Today is the deadline for certifying rank lists. This blog is no stranger to talk of rank lists and matching, and I’m about ready for it to end. I talked about my list starting to emerge here, and if you need a refresher on how the whole match process works, check here. If you care to, you can also take a look back at my post about when my original med school class matched and graduated, not-so-optimistically titled “Moving on when everyone else is moving out.” I certified my rank list a couple of weeks ago, sitting with a coffee shop with Michelle, another fabulous MSTP, who helped me proof my list to make sure I wasn't accidentally ranking a program where I didn't interview, etc. A few of the highlights of this waiting game:
  • I reviewed my list again today to make sure it was right. The application program (ERAS) and the ranking program (NRMP) don’t use the same program codes – that would be too easy – so I double checked and cross-referenced the codes when I made my list, and checked them for a third time today. I live in fear that I've accidentally left my favorite program off the list.
  • Somehow this deadline is only the beginning of the waiting. Even though I feel like I've been waiting since December 14, when I finished my interviews, it will take the matching algorithm almost another month to grind through my list, and those of all of the other wishful applicants, and assign me a spot. March 15 feels so far away.
  • I’m fairly certain that no matter where on my list of twelve I match, I will be happy and get great training. I think I’ll be taking the advice of one sage AMSA friend, and in the twelve days leading up to Match Day I’ll go in alphabetical order through my programs and share with you all of the things I love about each of them. We’ll call it the Twelve Days of Matchmas. I haven’t decided whether I want a partridge or not.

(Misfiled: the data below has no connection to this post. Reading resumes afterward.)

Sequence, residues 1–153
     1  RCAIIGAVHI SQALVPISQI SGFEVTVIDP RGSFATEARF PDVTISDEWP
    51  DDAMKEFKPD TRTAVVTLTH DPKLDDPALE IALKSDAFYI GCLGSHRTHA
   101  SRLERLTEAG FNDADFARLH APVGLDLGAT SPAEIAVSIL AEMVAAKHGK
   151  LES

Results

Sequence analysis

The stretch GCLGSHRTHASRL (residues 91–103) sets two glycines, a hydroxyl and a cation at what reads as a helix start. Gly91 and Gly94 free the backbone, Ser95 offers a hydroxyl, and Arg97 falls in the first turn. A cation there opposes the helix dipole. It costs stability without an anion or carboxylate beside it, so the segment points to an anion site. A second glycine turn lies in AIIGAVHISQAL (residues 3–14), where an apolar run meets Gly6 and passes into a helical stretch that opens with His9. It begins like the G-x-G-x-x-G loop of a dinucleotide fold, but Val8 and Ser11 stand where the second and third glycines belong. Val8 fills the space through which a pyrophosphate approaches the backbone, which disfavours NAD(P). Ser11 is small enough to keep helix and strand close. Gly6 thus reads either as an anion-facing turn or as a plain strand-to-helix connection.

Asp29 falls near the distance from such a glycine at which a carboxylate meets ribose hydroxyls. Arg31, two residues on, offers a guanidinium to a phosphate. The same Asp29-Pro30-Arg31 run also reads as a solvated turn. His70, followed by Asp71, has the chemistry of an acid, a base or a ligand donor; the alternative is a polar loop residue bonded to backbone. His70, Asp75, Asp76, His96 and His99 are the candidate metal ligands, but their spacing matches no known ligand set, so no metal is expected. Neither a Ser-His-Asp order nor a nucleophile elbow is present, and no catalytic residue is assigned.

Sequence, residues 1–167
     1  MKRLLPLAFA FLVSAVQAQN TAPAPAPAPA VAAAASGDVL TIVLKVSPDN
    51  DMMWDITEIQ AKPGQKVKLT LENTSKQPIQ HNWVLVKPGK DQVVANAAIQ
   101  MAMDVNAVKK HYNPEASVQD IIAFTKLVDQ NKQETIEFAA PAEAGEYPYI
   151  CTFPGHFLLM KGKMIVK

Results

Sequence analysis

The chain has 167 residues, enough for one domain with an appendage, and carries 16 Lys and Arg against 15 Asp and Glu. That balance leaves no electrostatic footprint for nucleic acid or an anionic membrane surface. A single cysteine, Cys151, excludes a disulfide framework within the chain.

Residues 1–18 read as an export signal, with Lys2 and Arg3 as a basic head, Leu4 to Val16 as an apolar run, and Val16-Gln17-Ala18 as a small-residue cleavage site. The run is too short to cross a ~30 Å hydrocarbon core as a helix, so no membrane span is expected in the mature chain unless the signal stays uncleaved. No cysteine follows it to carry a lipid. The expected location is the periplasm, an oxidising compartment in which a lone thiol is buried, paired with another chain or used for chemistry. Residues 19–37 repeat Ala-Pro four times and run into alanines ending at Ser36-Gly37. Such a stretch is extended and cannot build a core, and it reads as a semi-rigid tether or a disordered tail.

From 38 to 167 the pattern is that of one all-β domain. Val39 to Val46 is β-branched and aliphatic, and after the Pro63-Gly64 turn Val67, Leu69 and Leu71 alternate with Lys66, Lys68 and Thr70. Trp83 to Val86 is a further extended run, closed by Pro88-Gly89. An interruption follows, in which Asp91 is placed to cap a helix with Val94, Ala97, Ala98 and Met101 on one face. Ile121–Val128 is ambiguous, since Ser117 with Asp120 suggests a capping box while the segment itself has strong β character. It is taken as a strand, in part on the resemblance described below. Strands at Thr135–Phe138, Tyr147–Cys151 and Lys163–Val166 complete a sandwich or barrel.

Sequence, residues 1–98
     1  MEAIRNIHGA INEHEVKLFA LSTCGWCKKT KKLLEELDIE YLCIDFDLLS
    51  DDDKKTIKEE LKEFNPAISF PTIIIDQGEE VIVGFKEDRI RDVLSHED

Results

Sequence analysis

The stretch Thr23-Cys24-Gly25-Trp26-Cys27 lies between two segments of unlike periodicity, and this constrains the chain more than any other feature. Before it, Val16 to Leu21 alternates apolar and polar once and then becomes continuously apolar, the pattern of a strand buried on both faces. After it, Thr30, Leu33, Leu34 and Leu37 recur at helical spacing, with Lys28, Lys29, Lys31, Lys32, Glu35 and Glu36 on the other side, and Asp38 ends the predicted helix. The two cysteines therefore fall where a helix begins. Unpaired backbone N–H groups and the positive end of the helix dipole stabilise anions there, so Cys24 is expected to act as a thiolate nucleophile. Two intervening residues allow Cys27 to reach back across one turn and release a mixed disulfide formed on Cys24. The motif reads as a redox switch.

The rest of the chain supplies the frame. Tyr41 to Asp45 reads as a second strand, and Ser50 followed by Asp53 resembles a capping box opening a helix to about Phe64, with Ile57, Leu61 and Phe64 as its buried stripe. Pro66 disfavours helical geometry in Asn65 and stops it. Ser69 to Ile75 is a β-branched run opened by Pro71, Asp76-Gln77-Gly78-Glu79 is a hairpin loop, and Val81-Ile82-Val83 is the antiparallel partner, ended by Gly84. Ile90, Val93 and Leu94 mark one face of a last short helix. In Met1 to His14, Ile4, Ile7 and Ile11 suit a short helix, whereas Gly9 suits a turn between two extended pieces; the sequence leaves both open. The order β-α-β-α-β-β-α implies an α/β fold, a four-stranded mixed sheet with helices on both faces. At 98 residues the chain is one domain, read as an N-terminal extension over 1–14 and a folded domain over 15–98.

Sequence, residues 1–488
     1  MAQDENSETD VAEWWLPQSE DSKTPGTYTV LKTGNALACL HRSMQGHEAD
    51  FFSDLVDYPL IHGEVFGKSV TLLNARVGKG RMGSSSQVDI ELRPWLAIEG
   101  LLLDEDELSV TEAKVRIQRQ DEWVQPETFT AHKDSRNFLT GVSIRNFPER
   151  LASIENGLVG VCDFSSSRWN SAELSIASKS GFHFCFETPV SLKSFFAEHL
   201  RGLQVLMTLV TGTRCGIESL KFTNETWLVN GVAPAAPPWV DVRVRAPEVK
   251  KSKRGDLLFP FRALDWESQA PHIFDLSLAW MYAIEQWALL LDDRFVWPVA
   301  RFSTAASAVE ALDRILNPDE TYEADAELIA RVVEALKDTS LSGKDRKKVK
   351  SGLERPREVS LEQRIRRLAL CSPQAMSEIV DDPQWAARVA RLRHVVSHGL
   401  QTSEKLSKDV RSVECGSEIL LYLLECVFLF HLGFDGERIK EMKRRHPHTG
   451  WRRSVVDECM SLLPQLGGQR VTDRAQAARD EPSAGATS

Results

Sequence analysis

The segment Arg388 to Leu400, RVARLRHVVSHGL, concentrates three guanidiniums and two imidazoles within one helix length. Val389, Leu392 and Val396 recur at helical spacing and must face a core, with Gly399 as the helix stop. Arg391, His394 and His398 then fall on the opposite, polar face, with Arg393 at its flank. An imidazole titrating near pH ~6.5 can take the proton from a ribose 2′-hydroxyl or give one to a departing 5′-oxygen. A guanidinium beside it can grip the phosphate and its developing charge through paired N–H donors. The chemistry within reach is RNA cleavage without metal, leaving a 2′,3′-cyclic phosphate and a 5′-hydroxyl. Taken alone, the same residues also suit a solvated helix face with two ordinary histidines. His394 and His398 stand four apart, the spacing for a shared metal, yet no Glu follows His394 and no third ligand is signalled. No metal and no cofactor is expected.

Friday, February 15, 2013

Melon Salad

Lynn and I went to Isalita for the first time right before she left. It was amazing, and I can’t wait to go back. We had a wonderful server, and the food was absolutely fantastic. One of the many delicious things I ate there was a melon salad that I tried to reproduce at home, with some moderate success.

Melon Salad   
Cantaloupe (the restaurant used a mix, but I didn’t have that)
Lime juice
Sunflower seeds (would have been better with the pepitas they used)
Cayenne pepper

Cut up as much cantaloupe (or other melons) as you like. I made one serving at a time to avoid spoilage. Sprinkle the sunflower seeds or pepitas, drizzle the lime juice, and dust the cayenne over it. Sprinkle it with a little salt and enjoy.

On the theme of orange foods, my brother felt that I should have something "aged" for my birthday this year (thanks a bunch, Jake). My gift included some delicious cheeses. Yum!

Saturday, February 09, 2013

The babies...

To start off my return to the blog, here is a picture of Alex, attempting to stow away in Lynn's suitcase. (Little did he know that he would be safely in his kitty carrier on the plane!)

Also one of Walter, attempting to stow away in... well... nothing, really. Just in a blanket, as per  usual.

Just haven’t felt like sharing…

I apologize for the rather substantial gap in blog posting that’s happened over the past month. If you’d asked me a month ago whether I had anything to post about, I probably would have said yes, but now I feel like I’m just waiting for things to happen. Things I am waiting for:

  1. Match Day – March 15
  2. Lynn Returns – April 8
  3. Graduation – May 17

Otherwise, I feel a bit like I’m treading water. Also, I turned 30, which I have mixed feelings about. Despite this, I continue to cook and knit, and learn things about clinical medicine, so stay tuned for more posts coming up soon…